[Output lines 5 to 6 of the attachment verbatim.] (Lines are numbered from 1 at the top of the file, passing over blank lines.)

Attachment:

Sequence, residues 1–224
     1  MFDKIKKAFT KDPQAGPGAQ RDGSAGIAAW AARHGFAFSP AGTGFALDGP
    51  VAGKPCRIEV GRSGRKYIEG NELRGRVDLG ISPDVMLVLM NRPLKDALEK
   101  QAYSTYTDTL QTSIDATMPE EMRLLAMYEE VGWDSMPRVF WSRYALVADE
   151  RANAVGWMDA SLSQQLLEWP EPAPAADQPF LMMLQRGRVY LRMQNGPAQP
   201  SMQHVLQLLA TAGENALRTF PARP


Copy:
   151  RANAVGWMDA SLSQQLLEWP EPAPAADQPF LMMLQRGRVY LRMQNGPAQP
   201  SMQHVLQLLA TAGENALRTF PARP